Dave Sullivan, the underdog in the most contentious race for the Orange County Board of Supervisors, has picked up the pace of campaigning by hiring a veteran political consultant and bolstering his election fund coffers.
The Huntington Beach councilman enlisted longtime campaign manager Harvey Englander earlier this month to help him unseat incumbent Jim Silva. Sullivan also has pulled in slightly more campaign money, about $60,000 to Silva's $53,000, as the pair head into the traditional Labor Day campaign kickoff.
"I figured it might get pretty nasty, and [Englander] is capable of standing up in that arena," Sullivan said.
The stakes in this race are high because Silva and Sullivan disagree on two of the county's biggest issues: the proposed airport at El Toro and development of the Bolsa Chica mesa. Sullivan opposes both; Silva supports both.
Most important, a Sullivan victory would change the county board's majority to 3 to 2 against the airport, a voting bloc that could be the death-knell for El Toro airport plans.
The hiring of Englander is expected to raise the profile of Sullivan, who lags behind Silva in name recognition and ability to garner big-money donors. The campaign consultant is known for his bold statements and aggressive mailers.
"No one hires us for the boring" races, he said.
Englander, West Coast director for the Kamber Group consulting firm, has helped run the successful campaigns of Supervisor Todd Spitzer and Assemblywoman Marilyn C. Brewer (R-Irvine), both of whom were underdogs. He also has lost a few, including Linda Moulton Patterson's effort against Silva four years ago. Another client, Richard Katz, narrowly lost a state Senate race in Los Angeles last spring.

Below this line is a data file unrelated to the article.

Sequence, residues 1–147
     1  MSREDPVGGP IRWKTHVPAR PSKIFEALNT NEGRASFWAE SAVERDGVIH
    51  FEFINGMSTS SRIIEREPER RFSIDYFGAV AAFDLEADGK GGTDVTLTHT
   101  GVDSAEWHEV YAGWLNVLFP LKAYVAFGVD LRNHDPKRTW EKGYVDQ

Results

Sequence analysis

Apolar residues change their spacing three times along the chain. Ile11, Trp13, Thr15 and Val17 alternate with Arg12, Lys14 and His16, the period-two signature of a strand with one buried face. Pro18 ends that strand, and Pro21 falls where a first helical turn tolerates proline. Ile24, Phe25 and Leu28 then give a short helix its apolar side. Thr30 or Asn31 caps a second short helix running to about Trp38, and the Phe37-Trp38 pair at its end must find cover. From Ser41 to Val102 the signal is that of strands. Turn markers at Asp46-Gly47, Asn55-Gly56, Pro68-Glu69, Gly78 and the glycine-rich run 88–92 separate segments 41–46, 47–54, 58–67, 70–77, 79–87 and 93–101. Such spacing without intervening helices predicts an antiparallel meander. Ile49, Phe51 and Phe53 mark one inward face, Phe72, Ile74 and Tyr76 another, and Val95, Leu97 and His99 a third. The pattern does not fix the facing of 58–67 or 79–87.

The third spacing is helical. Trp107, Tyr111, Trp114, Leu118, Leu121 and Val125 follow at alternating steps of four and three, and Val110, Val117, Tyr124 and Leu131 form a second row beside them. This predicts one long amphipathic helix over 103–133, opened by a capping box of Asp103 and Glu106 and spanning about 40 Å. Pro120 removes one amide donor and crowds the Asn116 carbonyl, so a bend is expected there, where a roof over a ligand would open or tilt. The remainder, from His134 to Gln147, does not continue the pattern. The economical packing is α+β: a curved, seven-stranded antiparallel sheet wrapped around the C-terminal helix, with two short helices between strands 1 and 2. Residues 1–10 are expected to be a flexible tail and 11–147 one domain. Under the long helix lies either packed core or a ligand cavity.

In running Sullivan's campaign, Englander said he does not intend to focus solely on the airport and Bolsa Chica battles. The campaign will raise a range of issues from opening up county government to reducing some of the power of the county's chief executive, Jan Mittermeier.
"This is not going to be a one-issue candidacy at all," Englander said. "For a campaign to be successful, you have to integrate the message with the individual."
Word of his hiring did not surprise the Silva camp.
"We fully expected Sullivan to come up with a credible consultant," said Silva's campaign director, Dave Gilliard. "We expect a spirited campaign now that Harvey is involved."
Gilliard himself is a veteran campaign manager of Orange County races. In June, he steered Superior Court Judge Anthony J. Rackauckas to victory as the county's district attorney-elect.
Sullivan's fund-raising goal is to bring in $250,000, a figure that Englander said would be the minimum amount needed to run a winning campaign. Sullivan said that most of his money has come from South County contributors who oppose the airport and that nearly all of it has come from donations of less than $100.
"The momentum seems to be building, but I look at it as being a long way from $250,000," he said. Most of the $60,000 he has raised has come since the end of June, when his campaign had only $17,000.
Sullivan's quest will be difficult. Though he forced Silva into a runoff, the incumbent garnered nearly 50% of the vote in the four-candidate June primary.
Silva also enjoys the support of wealthy and influential citizens, such as executives at real estate developer Koll Co. in Irvine and millionaire Newport Beach businessman George L. Argyros, who sponsored fund-raisers for him during the primary.